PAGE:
Joanna – I totally understand about coping through denial, and that is definitely a better way to go rather than my other option…hoping wine would make everything better. Unfortunately, I stayed in denial past the tipping point. Reality DOES blow sometimes, and being face down in a bag of Doritos (when their wasn’t wine around) was not helping me either haha. Sucks when we have to wake up, doesn’t it??

    Sarah – I have dealt with comments about my weight my whole life, so girl, I’m right there with you. Thank you so much for all the support, and yay we’re facebook friends so we will definitely keep in touch on there too. I hope you had a blast in Ireland!

    ThyroidSlave – I had a doctor tell me I was hyper, and that my body was gaining because it was in the beginning stages of Graves. I also heard hypo from another doctor. You seem to have a great handle on this roller coaster you’re on, and at least you have a sense of humor about it. I think that’s KEY when everything is upside down. Also, having to explain any of this bullshit to anyone without thyroid issues just BLOWS. So glad we all have this community that just understands, and doesn’t need all the explaining : )

    Nicholle – I was living on sugar and fat too. I don’t know if it’s cause my body craved it, or just cause I was able to eat all the forbidden foods I denied myself over the years. Nachos at least 3x a week. Sickening. It’s sad though, because we don’t nourish our bodies at the time we need the most nourishment! Vicious cycle.

    Lolly – hahaha “bulging panda eyes” – my new favorite expression for Graves Eyes now. YES!!

    I love that we’re all bringing each other up, and that everyone is so supportive. When I tried finding a support group for Graves, I found ONE in San Diego – a 2.5 hour drive from me. HOW IS THAT POSSIBLE? I love that DT exists for all of us, because we all know how alone these diseases can make us feel in our relationships, jobs, families, friends, what have you. No one really understands fully unless they’ve been through the shit, and it’s wonderful to have a community that exists and just completely understands. Have a great week everyone!

  17. Sarah Anne Carney says:

    Nicole, great article! No denial here, I went to an endo at the first notice of a goiter and had RAI two days later. I didn’t pay attention to the weight loss because I was dieting….thought it was working lol, only to be diagnosed with Graves. Hearing I had Graves was much better than hearing that I had one week to live or something of that nature. I will gladly take Graves over that alternative. It’s been 3 weeks since the RAI. I can see better. The shaking hands has almost diminished. I’m not starving anymore. I can think more clear. Thought this was all from not getting enough calories. Not looking foward to gaining any large amounts of weight, because as pointed out, society puts a big ‘must have’ on a size 1. Our bodies don’t make us who we are, and we must remember that and not allow anyone to let us believe otherwise. Our heart, our intentions, how we think, how we treat others…that’s what’s important. Anyone who treats us otherwise because of too much weight or not enough, needs to be told, “Heaven is not segregated; and niether is hell”. Smile. I am looking foward to reading more from you.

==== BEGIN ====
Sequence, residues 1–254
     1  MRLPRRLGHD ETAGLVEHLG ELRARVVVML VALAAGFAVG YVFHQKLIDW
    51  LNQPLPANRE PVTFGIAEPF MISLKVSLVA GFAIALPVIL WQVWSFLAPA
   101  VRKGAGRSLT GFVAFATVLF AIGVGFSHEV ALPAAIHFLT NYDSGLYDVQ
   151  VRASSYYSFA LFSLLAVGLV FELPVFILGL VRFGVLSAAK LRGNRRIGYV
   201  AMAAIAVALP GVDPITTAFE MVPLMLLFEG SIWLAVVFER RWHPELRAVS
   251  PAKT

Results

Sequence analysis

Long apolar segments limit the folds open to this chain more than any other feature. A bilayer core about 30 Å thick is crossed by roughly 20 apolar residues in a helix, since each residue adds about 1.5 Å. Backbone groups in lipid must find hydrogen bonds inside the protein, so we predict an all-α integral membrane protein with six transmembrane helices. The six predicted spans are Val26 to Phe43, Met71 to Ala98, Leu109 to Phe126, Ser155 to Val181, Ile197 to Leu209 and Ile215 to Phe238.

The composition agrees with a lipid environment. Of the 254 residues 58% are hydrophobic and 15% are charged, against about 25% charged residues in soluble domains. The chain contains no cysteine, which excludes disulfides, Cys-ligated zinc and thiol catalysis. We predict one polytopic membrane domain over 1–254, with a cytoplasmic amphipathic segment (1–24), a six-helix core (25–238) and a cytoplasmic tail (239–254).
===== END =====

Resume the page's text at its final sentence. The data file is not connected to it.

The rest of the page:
18. Nicole Wells says:

    Hi Sarah Anne, I’m so happy you’re feeling better after the RAI – and so early too! 3 weeks and not feeling that spike that docs warn us about is great. I had RAI 6 months ago and it took awhile for things to calm down.

    Don’t worry about the weight gain, but yes, that’s easier said than done. I’ve put on about 25 since RAI, and we have to remember that we lose a lot of muscle mass from Graves too – so try to focus on how your body feels, and not on what the scale says.
    I’m trying to lose some of the fat now, and it’s great to be able to exercise again. It’s also important to remember to not be so hard on ourselves – we’ve been through a lot with this shit disease, and things will take time.
    Hope you have a great night, and again, I’m so happy things are looking better for you!

  19. Melissa says:

    Hi Nicole, Catching up a little for the 1st time on your writings, thank you for sharing. I cannot believe our paths have crossed again (is L.A. really that small of a town? Time & time again…proves it is) and I wish it was under completely different circumstances. Although I have lived in a bit of a bubble (or hiding under a bridge like a troll) since the Graves diagnosis, running across you on here reminds me that I used to have an active & fun social life. I look forward to exchanging L.A. resources and I hope that you are doing o.k.